As Invasive Species Week comes to a close, Tao Orion, author of Beyond the War on Invasive Species, and Katrina Blair, author of The Wild Wisdom of Weeds,  share alternative approaches to understanding and managing Kudzu. Take a look through our final profile and check out any you might have missed along the way: Oxeye […] Read More..

Oxeye Daisy: A Plant for the Pollinators

As Invasive Species Week continues, Tao Orion, author of Beyond the War on Invasive Species, and Katrina Blair, author of The Wild Wisdom of Weeds, are sharing alternative approaches to managing and using plants considered to be “invasive.” Take a look through today’s profile on Oxeye Daisy and check out tips for working with Garlic […] Read More..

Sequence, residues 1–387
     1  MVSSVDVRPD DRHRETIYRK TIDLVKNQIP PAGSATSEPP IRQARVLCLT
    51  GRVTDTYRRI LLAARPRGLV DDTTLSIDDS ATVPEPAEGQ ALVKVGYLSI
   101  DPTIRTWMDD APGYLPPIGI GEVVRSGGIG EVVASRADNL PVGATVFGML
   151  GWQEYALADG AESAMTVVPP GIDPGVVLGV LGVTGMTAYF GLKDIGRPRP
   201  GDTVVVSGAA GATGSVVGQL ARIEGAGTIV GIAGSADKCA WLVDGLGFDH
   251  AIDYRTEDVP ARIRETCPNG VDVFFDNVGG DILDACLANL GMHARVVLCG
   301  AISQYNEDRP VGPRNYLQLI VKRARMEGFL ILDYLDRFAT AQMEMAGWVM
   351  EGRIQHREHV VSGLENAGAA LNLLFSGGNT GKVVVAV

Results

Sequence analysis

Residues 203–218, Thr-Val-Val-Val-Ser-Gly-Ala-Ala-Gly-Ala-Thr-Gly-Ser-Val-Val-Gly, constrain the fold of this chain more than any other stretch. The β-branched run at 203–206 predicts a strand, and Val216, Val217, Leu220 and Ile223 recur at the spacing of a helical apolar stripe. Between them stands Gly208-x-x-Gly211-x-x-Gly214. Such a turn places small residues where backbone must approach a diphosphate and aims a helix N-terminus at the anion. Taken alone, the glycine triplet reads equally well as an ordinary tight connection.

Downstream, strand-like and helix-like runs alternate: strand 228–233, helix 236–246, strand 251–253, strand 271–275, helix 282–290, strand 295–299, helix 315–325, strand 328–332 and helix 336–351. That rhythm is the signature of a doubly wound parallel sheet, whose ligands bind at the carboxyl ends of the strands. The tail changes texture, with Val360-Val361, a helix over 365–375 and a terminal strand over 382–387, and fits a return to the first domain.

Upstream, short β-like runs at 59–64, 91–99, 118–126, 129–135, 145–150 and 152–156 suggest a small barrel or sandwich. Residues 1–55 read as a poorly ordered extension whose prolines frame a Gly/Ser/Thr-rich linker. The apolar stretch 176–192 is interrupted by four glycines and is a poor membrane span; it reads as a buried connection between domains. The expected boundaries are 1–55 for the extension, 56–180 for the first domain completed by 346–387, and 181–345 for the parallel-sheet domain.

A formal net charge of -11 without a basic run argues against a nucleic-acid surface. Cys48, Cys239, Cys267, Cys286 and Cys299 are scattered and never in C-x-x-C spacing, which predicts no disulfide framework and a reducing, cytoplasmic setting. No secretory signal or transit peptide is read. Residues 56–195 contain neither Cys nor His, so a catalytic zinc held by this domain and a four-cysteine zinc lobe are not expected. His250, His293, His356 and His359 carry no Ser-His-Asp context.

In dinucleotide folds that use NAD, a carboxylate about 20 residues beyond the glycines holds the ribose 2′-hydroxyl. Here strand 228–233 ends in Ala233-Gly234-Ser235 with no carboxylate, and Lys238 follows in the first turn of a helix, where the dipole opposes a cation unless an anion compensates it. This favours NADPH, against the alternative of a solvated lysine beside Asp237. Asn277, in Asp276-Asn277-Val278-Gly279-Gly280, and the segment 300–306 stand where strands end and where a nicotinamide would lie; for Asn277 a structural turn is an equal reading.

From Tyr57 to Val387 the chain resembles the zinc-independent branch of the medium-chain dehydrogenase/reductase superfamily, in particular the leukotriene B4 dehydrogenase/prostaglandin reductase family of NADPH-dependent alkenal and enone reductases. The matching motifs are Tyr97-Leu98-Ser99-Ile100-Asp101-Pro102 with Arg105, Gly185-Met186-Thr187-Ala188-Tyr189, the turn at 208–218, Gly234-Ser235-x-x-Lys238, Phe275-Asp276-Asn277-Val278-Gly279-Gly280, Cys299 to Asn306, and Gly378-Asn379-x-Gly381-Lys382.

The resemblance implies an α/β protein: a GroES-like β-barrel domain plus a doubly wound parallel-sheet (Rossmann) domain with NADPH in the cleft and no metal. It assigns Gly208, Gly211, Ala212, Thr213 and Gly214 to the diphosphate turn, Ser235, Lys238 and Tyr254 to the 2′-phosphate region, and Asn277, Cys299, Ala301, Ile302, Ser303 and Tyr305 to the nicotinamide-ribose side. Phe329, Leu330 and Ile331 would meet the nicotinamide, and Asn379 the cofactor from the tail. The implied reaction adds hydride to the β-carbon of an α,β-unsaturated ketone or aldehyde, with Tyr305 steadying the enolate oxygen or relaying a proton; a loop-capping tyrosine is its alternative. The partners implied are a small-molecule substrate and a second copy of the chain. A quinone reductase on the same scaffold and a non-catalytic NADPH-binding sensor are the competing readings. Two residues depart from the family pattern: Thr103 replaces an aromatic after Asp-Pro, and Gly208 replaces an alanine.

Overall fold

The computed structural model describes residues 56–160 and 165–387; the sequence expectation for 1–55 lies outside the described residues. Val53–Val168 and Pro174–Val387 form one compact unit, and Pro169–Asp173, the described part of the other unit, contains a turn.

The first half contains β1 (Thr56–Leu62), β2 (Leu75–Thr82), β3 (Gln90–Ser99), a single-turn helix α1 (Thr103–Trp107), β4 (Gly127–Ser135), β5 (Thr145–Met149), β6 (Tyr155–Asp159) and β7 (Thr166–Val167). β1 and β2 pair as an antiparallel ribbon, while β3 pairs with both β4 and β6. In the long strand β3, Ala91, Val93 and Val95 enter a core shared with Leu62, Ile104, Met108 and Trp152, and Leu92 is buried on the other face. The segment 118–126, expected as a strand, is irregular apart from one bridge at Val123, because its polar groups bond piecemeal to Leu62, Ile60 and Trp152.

How to Manage Invasive Thistle and Improve Your Soil

As Invasive Species Week continues, Tao Orion, author of Beyond the War on Invasive Species, and Katrina Blair, author of The Wild Wisdom of Weeds, are sharing alternative approaches to managing and using plants considered to be “invasive.” Take a look through today’s profile on two variations of Thistle and check out tips for working […] Read More..